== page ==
Frederick Douglass brings history to life at the Williamsburg Regional Library

aheymann@vagazette.com

Nathan Richardson, a poet, author and Frederick Douglass historian, will portray Douglass on behalf of Young Audiences Arts for Learning at the Williamsburg Regional Library on Sunday.

The group putting on the event, Young Audience Arts for Learning Virginia, is a nonprofit that brings educational art programming to children.

Christine Everly, chief executive officer for Young Audiences Arts for Learning Virginia, said the group gets a grant from the Williamsburg Art Commission that allows them to bring more of their programming to the area.

“With (the grant), we tell the arts commissioners we will be able to do (a certain) number of programs for that dollar amount,” Everly said.

While Richardson is known for his role as Douglass, he didn’t always spin a yarn woven from history. Richardson said he was encouraged to try it out by a friend, but was reluctant about the idea, and didn’t really consider it for another year.

“Once I did I went to various characters to see which one would fit my personality better, or which my personality would fit better,” Richardson said.

When Richardson came across Douglass, he felt a connection to the man.

“First of all, my appearance was closer to his, and then once I started reading his work I realized his oratory, his writing style was really close to mine from the perspective that I’m a poet and I’m a spoken word performer,” Richardson said. “I don’t think I chose Frederick Douglass. I think Frederick Douglass chose me.”

Since then, Richardson has performed as Douglass, along with his other roles in Young Audiences for the Arts Virginia, teaching children about poetry and how to read and write.

Richardson said living history performers tell the story of history in the language of the character, which he said is able to capture the imagination of someone who is not a history scholar.

“When history is told, with all due respect, from the perspective of academics, they do absolutely amazing research and I could not do Douglass if not for their work, but when they tell the story they are doing it in an academic vernacular,” Richardson said. “When living history performers do it, they are telling the story from in the vernacular of that character, which speaks directly to the imagination of the listener.”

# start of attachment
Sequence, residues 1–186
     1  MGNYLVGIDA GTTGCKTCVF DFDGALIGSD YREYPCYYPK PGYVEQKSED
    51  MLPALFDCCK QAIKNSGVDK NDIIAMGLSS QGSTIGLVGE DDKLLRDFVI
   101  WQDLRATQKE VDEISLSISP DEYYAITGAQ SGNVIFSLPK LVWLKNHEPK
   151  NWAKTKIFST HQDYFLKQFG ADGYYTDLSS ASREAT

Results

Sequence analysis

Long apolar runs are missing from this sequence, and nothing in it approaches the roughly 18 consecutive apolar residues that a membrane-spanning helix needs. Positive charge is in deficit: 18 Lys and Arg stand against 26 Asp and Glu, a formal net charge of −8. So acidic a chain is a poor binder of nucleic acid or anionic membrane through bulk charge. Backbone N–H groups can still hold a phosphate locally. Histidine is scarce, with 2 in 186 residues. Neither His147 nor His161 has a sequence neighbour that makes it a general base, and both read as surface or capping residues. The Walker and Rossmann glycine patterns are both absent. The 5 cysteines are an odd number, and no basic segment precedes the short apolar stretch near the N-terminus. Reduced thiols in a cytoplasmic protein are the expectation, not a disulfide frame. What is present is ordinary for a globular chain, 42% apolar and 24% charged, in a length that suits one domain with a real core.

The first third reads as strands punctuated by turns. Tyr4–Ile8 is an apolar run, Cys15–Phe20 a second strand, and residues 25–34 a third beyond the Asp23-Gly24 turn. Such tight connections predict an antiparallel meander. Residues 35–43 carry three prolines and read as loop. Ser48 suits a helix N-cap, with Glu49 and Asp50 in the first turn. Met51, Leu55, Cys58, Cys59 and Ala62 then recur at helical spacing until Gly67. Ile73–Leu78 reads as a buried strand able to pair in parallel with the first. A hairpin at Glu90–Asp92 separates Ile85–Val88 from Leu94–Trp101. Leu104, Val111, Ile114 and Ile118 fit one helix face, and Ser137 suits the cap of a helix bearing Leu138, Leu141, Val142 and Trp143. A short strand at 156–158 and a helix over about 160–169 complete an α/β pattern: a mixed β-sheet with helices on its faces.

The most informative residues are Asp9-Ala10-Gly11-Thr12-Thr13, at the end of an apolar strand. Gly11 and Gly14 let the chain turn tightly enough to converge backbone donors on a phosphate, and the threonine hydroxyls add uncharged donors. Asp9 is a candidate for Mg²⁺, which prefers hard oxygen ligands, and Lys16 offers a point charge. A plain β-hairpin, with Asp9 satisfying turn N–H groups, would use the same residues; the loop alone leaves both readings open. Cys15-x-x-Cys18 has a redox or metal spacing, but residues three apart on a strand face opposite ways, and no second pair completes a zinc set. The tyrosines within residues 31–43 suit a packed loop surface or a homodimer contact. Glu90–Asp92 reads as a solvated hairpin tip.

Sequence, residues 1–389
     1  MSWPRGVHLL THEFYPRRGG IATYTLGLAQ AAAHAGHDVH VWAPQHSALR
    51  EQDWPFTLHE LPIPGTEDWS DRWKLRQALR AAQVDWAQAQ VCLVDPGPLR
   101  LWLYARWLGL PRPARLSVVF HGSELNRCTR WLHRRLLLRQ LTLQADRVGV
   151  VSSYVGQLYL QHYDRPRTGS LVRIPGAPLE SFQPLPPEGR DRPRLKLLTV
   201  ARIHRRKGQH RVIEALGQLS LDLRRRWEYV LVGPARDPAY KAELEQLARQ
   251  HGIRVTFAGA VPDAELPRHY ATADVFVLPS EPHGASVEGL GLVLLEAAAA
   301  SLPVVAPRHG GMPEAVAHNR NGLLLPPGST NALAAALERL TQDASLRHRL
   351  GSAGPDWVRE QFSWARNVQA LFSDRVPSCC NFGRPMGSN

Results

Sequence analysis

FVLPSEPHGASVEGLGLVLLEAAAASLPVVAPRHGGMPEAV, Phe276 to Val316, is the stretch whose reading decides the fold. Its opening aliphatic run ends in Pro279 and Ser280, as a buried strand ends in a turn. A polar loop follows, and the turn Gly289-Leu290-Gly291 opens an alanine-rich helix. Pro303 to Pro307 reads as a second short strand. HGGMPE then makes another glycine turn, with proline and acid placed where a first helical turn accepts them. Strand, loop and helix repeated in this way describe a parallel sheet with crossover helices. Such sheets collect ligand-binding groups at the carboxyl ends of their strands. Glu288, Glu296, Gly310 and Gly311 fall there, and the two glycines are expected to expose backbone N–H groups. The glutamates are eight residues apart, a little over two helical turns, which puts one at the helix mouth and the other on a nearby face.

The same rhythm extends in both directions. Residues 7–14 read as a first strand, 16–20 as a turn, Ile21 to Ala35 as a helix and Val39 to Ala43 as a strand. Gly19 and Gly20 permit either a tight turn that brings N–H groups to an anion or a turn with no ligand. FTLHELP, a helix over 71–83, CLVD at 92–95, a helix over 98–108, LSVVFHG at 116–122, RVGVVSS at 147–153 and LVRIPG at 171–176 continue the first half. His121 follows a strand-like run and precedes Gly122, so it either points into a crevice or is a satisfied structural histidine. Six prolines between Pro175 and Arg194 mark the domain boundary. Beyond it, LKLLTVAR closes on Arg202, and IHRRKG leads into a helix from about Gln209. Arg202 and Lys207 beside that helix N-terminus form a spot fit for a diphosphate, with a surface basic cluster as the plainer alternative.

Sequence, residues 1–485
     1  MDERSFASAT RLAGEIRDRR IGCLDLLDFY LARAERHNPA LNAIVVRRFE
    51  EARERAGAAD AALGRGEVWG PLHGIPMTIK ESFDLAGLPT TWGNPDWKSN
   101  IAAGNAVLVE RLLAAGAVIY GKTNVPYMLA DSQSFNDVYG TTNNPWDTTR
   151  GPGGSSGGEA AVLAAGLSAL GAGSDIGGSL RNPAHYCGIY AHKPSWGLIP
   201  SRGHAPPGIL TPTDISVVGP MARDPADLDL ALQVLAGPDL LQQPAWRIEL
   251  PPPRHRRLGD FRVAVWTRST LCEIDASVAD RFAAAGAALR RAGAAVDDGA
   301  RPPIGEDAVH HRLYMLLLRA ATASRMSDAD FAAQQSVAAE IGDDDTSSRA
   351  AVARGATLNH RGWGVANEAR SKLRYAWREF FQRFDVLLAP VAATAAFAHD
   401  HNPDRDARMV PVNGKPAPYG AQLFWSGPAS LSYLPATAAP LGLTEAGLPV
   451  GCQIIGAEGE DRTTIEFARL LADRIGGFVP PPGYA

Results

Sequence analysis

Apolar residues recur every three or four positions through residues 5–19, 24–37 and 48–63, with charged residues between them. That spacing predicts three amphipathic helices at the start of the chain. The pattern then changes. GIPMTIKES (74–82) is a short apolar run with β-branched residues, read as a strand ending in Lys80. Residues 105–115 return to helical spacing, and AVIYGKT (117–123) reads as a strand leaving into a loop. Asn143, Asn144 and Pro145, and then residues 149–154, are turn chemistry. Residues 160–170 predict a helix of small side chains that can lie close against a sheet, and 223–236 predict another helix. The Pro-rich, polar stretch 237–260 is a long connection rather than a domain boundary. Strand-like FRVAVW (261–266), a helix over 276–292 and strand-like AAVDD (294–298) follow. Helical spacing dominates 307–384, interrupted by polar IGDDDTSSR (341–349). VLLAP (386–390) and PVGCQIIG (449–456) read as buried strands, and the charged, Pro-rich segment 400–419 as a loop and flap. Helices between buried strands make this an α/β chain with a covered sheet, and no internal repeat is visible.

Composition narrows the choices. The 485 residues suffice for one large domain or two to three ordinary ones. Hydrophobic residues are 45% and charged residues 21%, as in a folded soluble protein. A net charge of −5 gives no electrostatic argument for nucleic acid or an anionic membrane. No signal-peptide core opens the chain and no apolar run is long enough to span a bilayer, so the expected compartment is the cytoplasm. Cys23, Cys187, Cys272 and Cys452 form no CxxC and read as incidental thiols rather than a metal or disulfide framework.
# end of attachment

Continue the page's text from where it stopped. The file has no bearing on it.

In the past, Richardson said he has partnered with academics, where they will present their research and then he will perform as Douglass to accent their research.

Richardson said his most notable collaboration has been with a professor from Quinnipiac University who wrote about Douglass’ experiences in Ireland.

“She and I have done performances all over the country where we have given the audience both sides — both languages,” Richardson said.

One of Richardson’s favorite things about playing Douglass is the reactions he gets from children.

“I certainly get a lot of satisfaction out of having young people in my audience, inviting them on stage to read with Frederick Douglass, that’s always a big highlight of my day as Frederick Douglass,” Richardson said.

Everly said the work Richardson does as Douglass also allows younger people to understand the history and legacy of slavery in our country.

“It's easy for young people to not understand the roots and why current events, like the Confederate monuments, why people feel passionately one way or the other about that,” Everly said. “To understand what is going on today you have to understand history, and sometimes kids find history dull, and having an actor portray Frederick Douglass really brings history to life.”

Richardson added its equally important however to educate adults as well about these issues.

“Children are certainly impressionable and get excited about learning,” Richardson said. “The thing about adults is that they are sometimes apathetic — so to capture the imagination of young people and adults, (through) the vernacular of a charter in living history, is just way it goes.”

Want to go?

Frederick Douglass On Slavery and Emancipation will start at 2 p.m. Jan. 27, in the theater of the Williamsburg Regional Library at 515 Scotland St.

The event is free and recommended for children in grades K-12.

To learn more about Young Audiences Arts for Learning Virginia, visit yav.org.

Heymann can be reached by phone at 757-298-5828 or on Twitter at @HeymannAmelia.

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